Past behaviour is the best predictor of future behaviour

Written by Paul Glatzhofer, VP of Talent Solutions
Previously published by PSI Talent Management or Cubiks, prior to becoming Talogy.

Most employers and hiring managers have conducted interviews for years and believe that they are doing so effectively. The truth is that many are not. Over fifty years of research demonstrates that pleasant and articulate candidates score well in traditional interviews – even if they are a poor fit for the job. It is critical that organisations learn how to conduct accurate, efficient, and legally defensible interviews.

A critical part of any valid, reliable and efficient interview involves the interviewer asking past behaviour questions. The key here is that your best predictor of future behaviour is past behaviour or past performance in a similar situation. If you’ve always done something a certain way, you’re likely to do that same thing in the same way in the future. The same goes for on-the-job performance.

As you’re interacting with a candidate, you’re essentially trying to determine whether that candidate is going to be a good performer for your organisation. The best way to do that is to ask past behaviour questions to elicit what behaviours he or she has exhibited in the past. You can do this by asking specific, open-ended behavioural questions.

For example, a good past behaviour question could be, “Tell me about a time when you had to work on a team. What was your input into that team and what were the outcomes?” This type of past behaviour question allows you to uncover valuable details about a candidate and allow him or her to give you specific past behavioural examples.

After asking a past behaviour question, it’s important for the interviewer to ask follow-up probing questions (this is a critical component to any past behaviour question). The goal of that interviewer’s probing questions should be to learn relevant information about the interviewee and collect three key pieces of information about that question, what is commonly referred to as a “B-A-R”: Background, Action and Result —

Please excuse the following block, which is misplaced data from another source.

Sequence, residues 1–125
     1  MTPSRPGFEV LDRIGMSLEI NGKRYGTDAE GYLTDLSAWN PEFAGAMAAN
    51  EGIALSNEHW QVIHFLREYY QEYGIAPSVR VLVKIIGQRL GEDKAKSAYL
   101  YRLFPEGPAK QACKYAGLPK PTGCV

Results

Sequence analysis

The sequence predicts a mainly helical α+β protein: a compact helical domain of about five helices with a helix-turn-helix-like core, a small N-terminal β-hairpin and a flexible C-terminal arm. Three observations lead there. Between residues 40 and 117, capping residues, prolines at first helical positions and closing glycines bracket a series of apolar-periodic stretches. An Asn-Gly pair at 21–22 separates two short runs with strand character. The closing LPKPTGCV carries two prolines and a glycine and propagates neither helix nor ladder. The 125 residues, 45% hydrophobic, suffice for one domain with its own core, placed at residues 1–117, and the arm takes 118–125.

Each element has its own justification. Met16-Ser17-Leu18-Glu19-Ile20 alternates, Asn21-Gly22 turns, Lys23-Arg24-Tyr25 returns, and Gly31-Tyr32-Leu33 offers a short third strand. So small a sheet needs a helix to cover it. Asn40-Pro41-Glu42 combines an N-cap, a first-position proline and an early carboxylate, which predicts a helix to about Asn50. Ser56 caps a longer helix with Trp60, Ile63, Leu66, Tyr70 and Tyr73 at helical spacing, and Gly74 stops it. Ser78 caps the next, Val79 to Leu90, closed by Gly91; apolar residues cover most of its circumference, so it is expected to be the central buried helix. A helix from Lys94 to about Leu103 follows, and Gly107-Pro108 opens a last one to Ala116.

• What is the background of the situation? For instance, let’s use the example above. Relevant probing questions could be, “What type of team were you on?” or “Why was the team created in the first place?”
  • What action or actions did the candidate actually take as they worked on that team? Make sure to get specific details of the situation to learn as much as possible.
  • What was the result of that situation? For instance, “Was the supervisor or the manager happy about the outcomes?”

By asking detailed past behaviour questions and follow-up probing questions in a structured interview, you gain valuable insight into the candidate and how he or she may perform on the job and in your organisation. Remember, it’s easy to stretch the truth in general, but it’s hard to do so in detail. Someone who’s answering honestly can easily recall details, while someone who is answering untruthfully cannot.

Encourage candidates to get specific. Have them tell you a story about a time when they were able to satisfy a customer. Ask about the background of the situation, what they did, how the customer reacted and how the situation ultimately turned out.  Make sure you ask questions and get all of the details you need to get a specific past behaviour example for each question you ask. It is your job as the interviewer to ask the right probing questions to get the complete story.

Asking these types of questions can help you predict which candidates are going to be successful.  Make sure to follow a structured and consistent process and that will help you be more effective in hiring great employees.

The continuing importance of competencies

Make better talent decisions now and for the future.

Today’s world of work is marked by continuous change, presenting a significant challenge for organisations when hiring and managing their most important resource: their people. Competencies provide a simple, clear, and observable way to measure performance and determine what “good” looks like in a job.

  • How do you know which competencies are important to focus on today?
  • How can you highlight key competencies for tomorrow’s workforce?
  • What’s the point? Are competencies still relevant?

Understand how a well-functioning, future-focused competency framework can provide clear, accurate insights for talent measurement – both for the current world of work, and for the changing demands of the future.

Find out how competencies are still critical to your hiring strategy – download the white paper now.

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